Attorney’s Fees And Unsecured Claims. For more than 15 years, creditors in the Ninth Circuit who sought to include in unsecured claims amounts for attorney’s fees incurred post-petition litigating bankruptcy issues have had that portion of their claims disallowed. The reason? A decision by the United States Court of Appeals for the Ninth Circuit in a 1991 case called In re Fobian, 951 F.2d 1149 (9th Cir. 1991).  

The Fobian Rule. In In re Fobian, the Ninth Circuit held that even if the parties’ underlying contract provided for the prevailing party to recover attorney’s fees, "where the litigated issues involve not basic contract enforcement questions, but issues peculiar to federal bankruptcy law, attorney’s fees will not be awarded absent bad faith or harassment by the losing party." 

The Supreme Court Overrules Fobian. That all changed on Tuesday, March 20, 2007, with the U.S. Supreme Court’s unanimous decision in Travelers Casualty & Surety Co. of America v. Pacific Gas & Electric Co. (click here for the decision). Neither Travelers nor PG&E sought to defend the Fobian rule, and the Supreme Court had little problem disposing of it:

The Fobian rule finds no support in the Bankruptcy Code, either in §502 or elsewhere. In Fobian, the court did not identify any provision of the Bankruptcy Code as providing support for the new rule. See 951 F. 2d, at 1153. Instead, the court cited three of its own prior decisions, In re Johnson, 756 F. 2d 738 (1985); In re Coast Trading Co., 744 F.2d 686 (1984); and In re Fulwiler, 624 F. 2d 908 (1980) (per curium). Significantly, in none of those cases did the court identify any basis for disallowing a contractual claim for attorney’s fees incurred litigating issues of federal bankruptcy law. Nor did the court have occasion to do so; in each of those cases, the claim for attorney’s fees failed as a matter of state law. See Johnson, supra, at 741–742; Coast Trading, supra, at 693; Fulwiler, supra, at 910. [footnote omitted]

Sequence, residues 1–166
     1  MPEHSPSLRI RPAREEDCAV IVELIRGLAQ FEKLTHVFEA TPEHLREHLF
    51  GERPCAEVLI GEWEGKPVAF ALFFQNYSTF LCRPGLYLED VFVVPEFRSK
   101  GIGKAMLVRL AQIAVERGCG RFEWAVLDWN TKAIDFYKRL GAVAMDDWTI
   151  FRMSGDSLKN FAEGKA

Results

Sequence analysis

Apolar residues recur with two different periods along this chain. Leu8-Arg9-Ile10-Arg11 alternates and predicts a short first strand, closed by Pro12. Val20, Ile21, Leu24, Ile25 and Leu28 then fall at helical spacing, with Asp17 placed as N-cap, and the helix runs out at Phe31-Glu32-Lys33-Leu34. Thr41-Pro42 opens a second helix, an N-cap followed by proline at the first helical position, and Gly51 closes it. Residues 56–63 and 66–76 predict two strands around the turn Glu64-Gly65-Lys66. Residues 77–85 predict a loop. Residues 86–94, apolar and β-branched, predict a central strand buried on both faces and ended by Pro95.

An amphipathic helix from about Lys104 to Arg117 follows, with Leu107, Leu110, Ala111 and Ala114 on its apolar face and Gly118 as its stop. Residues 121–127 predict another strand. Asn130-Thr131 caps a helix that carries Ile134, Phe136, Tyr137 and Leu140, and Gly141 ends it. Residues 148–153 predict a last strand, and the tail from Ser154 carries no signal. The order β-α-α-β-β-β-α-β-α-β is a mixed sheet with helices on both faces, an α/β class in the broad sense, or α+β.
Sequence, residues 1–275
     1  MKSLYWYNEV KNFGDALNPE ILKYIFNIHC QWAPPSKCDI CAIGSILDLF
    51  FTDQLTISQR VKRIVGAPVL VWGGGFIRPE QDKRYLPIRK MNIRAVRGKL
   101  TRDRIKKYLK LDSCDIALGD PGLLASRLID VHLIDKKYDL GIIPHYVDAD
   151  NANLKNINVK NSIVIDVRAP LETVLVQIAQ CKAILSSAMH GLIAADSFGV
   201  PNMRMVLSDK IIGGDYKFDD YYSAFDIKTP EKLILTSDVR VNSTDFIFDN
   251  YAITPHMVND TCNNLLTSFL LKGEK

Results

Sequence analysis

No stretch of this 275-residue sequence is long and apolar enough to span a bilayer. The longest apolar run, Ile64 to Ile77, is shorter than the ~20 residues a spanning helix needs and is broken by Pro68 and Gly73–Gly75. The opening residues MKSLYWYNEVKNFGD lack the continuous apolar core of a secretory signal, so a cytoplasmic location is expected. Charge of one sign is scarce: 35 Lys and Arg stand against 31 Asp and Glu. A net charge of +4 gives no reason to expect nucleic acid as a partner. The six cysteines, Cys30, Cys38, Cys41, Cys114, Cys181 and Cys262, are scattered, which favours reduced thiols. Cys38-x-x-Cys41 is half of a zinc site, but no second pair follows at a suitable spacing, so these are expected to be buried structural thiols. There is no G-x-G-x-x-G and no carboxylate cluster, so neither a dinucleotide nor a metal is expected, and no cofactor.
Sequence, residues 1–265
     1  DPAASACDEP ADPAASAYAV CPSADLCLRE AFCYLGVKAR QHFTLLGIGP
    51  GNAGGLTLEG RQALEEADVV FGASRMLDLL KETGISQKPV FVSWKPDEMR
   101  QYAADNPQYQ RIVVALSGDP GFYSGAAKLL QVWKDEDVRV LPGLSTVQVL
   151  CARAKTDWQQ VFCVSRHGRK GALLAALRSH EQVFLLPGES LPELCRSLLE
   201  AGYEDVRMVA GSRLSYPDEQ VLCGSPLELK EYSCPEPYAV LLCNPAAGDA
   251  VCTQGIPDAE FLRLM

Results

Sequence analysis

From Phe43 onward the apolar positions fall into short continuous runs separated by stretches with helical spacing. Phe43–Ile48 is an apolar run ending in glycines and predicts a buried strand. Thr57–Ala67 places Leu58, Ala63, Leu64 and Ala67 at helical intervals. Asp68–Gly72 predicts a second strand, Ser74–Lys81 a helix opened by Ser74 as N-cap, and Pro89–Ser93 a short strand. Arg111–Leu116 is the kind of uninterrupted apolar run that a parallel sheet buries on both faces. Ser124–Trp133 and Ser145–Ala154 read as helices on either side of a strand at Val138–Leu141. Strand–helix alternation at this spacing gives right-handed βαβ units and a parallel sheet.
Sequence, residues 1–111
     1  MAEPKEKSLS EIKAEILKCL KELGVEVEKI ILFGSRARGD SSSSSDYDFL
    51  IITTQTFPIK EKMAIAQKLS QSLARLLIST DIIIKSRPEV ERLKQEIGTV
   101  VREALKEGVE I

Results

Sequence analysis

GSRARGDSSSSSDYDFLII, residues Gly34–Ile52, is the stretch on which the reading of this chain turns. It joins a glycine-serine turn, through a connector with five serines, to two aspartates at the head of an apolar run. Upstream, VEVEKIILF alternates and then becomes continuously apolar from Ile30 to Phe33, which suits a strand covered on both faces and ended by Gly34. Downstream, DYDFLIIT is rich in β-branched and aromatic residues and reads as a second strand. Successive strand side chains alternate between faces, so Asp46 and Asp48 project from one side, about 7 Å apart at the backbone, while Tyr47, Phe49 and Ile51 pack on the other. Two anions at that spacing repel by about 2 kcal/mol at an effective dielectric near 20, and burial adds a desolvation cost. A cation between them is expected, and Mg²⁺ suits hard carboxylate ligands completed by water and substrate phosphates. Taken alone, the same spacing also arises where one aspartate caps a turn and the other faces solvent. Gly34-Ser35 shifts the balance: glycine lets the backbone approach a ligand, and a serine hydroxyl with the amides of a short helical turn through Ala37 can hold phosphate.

The absence of textual support is fatal for the Fobian rule. Consistent with our prior statements regarding creditors’ entitlements in bankruptcy, see, e.g., Raleigh, 530 U.S., at 20, we generally presume that claims enforceable under applicable state law will be allowed in bankruptcy unless they are expressly disallowed. See 11 U. S. C. §502(b). Neither the court below nor PG&E has offered any reason why the fact that the attorney’s fees in this case were incurred litigating issues of federal bankruptcy law overcomes that presumption.

An Important But Undecided Question. Although the Supreme Court dispatched the Fobian rule, it remanded the case without deciding whether Travelers, an unsecured creditor, could actually recover its attorney’s fees. Instead, the Supreme Court held that the remaining arguments had not been raised below. Still to be resolved is whether Section 506(b) of the Bankruptcy Code, which expressly allows attorney’s fees to oversecured creditors, means that creditors cannot recover attorney’s fees as part of an unsecured claim. For a flavor of the Supreme Court’s reactions to this open issue, you may find the transcript of the oral argument, held in January 2007, interesting .

Thanks to the Supreme Court of the United States Blog and the Georgia Bankruptcy Law Blog for first reporting on the decision.